Armed men seize Libya's Justice Ministry
April 30, 2013 -- Updated 1925 GMT (0325 HKT)
Armed men in trucks with anti-aircraft guns mounted on them occupied the Libyan Justice Ministry in Tripoli.
- The militants want senior government positions to be cleansed of Gadhafi loyalists
- They have anti-aircraft guns mounted on their trucks, officials say
- No violence was reported in the latest in a string of armed protests
- The nation's Foreign Ministry remains under siege for a third straight day
Read a version of this story in Arabic.
Tripoli, Libya (CNN) -- Armed men in trucks with anti-aircraft guns mounted on them occupied the Libyan Justice Ministry in Tripoli on Tuesday, forcing ministry staff to leave, Justice Minister Salah al-Marghani said.
The militants consisted of 20 to 30 armed men in military fatigues, according to al-Marghani, who said he tried to talk to the men before fleeing.
This comes as the nation's Foreign Ministry remains under siege for a third straight day.
The armed protesters have said their main goal was to push the General National Congress to pass a proposed law that would ban Gadhafi-era officials from holding government posts.
Gunmen seek to oust Gadhafi loyalists
Explosion rocks French Embassy in Libya
The political isolation law proposal has been a matter of contention among lawmakers for several months because it could push current senior officials out of office for serving under the former regime.
Watchdog groups have been calling on Libyan authorities to rein in armed groups that they say continue to threaten the country's future.
"Unlawful armed groups that show up with heavy weapons and block access to government institutions, demanding grievance, crosses the line of peaceful protest; it is intimidating and threatening and there should be accountability for these actions" Hanan Salah, the Libya researcher for Human Rights Watch, told CNN on Sunday.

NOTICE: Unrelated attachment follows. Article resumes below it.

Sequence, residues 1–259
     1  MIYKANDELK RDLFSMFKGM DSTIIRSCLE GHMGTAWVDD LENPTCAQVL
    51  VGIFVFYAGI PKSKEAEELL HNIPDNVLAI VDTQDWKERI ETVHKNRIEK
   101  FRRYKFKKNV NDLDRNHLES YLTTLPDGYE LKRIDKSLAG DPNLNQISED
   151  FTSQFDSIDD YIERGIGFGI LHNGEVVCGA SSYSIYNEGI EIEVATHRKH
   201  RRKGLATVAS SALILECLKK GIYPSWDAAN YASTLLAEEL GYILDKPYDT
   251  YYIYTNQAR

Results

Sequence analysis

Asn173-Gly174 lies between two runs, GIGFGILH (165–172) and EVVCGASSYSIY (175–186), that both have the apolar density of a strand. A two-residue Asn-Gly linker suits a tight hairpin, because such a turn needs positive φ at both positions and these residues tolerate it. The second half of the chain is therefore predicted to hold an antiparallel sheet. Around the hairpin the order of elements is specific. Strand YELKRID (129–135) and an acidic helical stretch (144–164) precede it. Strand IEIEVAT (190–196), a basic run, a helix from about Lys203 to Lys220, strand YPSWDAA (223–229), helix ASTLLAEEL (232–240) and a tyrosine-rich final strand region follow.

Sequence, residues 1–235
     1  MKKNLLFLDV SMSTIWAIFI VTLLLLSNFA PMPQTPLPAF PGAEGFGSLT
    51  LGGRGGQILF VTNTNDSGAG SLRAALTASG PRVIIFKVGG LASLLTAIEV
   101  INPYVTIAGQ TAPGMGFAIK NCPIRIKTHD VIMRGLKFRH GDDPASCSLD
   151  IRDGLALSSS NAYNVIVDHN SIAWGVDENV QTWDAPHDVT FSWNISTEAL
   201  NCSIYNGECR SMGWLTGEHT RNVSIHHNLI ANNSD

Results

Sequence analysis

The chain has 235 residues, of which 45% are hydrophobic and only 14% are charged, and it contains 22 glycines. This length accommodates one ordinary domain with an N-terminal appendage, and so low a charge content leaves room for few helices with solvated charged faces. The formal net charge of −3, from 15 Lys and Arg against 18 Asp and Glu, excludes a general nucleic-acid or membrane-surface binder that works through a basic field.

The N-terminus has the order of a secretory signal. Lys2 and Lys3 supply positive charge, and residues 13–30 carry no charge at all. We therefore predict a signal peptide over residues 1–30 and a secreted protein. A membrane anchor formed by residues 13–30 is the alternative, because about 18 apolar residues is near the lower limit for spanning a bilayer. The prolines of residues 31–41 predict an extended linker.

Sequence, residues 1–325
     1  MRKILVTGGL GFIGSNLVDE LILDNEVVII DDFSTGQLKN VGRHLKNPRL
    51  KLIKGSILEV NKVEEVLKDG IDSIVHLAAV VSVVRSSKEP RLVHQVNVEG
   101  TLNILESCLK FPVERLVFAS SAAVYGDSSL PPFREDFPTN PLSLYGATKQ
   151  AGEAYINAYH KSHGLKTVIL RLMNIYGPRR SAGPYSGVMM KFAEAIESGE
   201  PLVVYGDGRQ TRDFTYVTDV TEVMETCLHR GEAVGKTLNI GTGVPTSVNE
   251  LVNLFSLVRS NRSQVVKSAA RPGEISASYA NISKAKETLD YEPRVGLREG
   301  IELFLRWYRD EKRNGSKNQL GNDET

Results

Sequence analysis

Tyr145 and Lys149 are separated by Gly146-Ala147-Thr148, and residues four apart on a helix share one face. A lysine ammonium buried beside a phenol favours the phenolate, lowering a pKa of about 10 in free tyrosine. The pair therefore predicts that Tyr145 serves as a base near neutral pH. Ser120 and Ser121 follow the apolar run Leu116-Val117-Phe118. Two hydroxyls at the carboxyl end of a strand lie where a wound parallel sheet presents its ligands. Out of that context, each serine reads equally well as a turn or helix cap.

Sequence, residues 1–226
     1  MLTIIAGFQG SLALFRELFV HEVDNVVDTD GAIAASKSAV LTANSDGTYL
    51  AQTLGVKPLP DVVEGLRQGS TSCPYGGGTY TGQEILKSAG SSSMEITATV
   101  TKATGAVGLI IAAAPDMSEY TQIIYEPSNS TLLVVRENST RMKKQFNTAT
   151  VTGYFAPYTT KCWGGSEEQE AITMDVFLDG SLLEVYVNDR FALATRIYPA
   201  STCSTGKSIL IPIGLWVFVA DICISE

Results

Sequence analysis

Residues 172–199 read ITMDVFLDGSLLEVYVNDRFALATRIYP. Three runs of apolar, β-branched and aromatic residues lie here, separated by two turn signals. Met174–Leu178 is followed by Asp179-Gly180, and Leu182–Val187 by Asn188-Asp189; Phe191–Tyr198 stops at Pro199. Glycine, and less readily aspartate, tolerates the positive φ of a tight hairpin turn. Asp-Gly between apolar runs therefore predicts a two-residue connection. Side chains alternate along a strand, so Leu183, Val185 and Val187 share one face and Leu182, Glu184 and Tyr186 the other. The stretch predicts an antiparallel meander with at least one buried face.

In recent months, Libyans have resorted to armed protests in the capital. In some cases, protesters surrounded government offices, and sessions of the country's legislature have been interrupted by armed groups that stormed its meetings.
Last month, armed protesters besieged the General National Congress for several hours in an attempt to force its members to pass the political isolation law. Gunmen later opened fire on the vehicle of the parliament speaker, who escaped unharmed.
Eighteen months after the fall of the regime, Libya remains awash in weapons and militias that the government has been struggling to control to secure the country.
READ MORE: Libya's foreign ministry cut off by men wielding anti-aircraft guns, official says
READ MORE: Why have we forgotten about Libya?
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